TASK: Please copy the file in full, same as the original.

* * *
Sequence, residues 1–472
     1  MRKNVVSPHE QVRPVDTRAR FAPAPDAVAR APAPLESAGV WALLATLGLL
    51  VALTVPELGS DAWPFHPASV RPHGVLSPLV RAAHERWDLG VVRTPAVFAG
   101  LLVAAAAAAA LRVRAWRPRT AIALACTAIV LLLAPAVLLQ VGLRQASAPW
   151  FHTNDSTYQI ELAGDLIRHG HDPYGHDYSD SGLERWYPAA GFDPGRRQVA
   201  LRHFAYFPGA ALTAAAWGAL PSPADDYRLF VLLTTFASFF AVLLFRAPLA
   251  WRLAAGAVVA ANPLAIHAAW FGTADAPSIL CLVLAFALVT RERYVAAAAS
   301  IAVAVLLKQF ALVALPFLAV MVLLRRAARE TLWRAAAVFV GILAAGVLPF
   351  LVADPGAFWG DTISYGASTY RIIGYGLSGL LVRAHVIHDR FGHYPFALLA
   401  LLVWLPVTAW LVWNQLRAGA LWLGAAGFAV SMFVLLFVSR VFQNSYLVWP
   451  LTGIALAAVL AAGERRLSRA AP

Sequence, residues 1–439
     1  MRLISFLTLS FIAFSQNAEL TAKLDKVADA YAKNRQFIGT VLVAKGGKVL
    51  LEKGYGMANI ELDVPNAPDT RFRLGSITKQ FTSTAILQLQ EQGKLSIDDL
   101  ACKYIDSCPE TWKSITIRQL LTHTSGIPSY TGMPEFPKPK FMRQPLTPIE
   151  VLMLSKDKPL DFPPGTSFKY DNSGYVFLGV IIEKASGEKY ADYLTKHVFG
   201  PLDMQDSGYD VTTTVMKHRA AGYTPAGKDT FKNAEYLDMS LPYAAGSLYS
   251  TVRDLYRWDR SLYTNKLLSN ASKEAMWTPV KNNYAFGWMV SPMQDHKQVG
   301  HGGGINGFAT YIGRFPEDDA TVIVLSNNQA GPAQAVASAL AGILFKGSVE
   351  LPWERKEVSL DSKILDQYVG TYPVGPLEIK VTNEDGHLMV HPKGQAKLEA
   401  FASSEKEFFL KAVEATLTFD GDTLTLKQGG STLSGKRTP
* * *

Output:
Sequence, residues 1–472
     1  MRKNVVSPHE QVRPVDTRAR FAPAPDAVAR APAPLESAGV WALLATLGLL
    51  VALTVPELGS DAWPFHPASV RPHGVLSPLV RAAHERWDLG VVRTPAVFAG
   101  LLVAAAAAAA LRVRAWRPRT AIALACTAIV LLLAPAVLLQ VGLRQASAPW
   151  FHTNDSTYQI ELAGDLIRHG HDPYGHDYSD SGLERWYPAA GFDPGRRQVA
   201  LRHFAYFPGA ALTAAAWGAL PSPADDYRLF VLLTTFASFF AVLLFRAPLA
   251  WRLAAGAVVA ANPLAIHAAW FGTADAPSIL CLVLAFALVT RERYVAAAAS
   301  IAVAVLLKQF ALVALPFLAV MVLLRRAARE TLWRAAAVFV GILAAGVLPF
   351  LVADPGAFWG DTISYGASTY RIIGYGLSGL LVRAHVIHDR FGHYPFALLA
   401  LLVWLPVTAW LVWNQLRAGA LWLGAAGFAV SMFVLLFVSR VFQNSYLVWP
   451  LTGIALAAVL AAGERRLSRA AP

Sequence, residues 1–439
     1  MRLISFLTLS FIAFSQNAEL TAKLDKVADA YAKNRQFIGT VLVAKGGKVL
    51  LEKGYGMANI ELDVPNAPDT RFRLGSITKQ FTSTAILQLQ EQGKLSIDDL
   101  ACKYIDSCPE TWKSITIRQL LTHTSGIPSY TGMPEFPKPK FMRQPLTPIE
   151  VLMLSKDKPL DFPPGTSFKY DNSGYVFLGV IIEKASGEKY ADYLTKHVFG
   201  PLDMQDSGYD VTTTVMKHRA AGYTPAGKDT FKNAEYLDMS LPYAAGSLYS
   251  TVRDLYRWDR SLYTNKLLSN ASKEAMWTPV KNNYAFGWMV SPMQDHKQVG
   301  HGGGINGFAT YIGRFPEDDA TVIVLSNNQA GPAQAVASAL AGILFKGSVE
   351  LPWERKEVSL DSKILDQYVG TYPVGPLEIK VTNEDGHLMV HPKGQAKLEA
   401  FASSEKEFFL KAVEATLTFD GDTLTLKQGG STLSGKRTP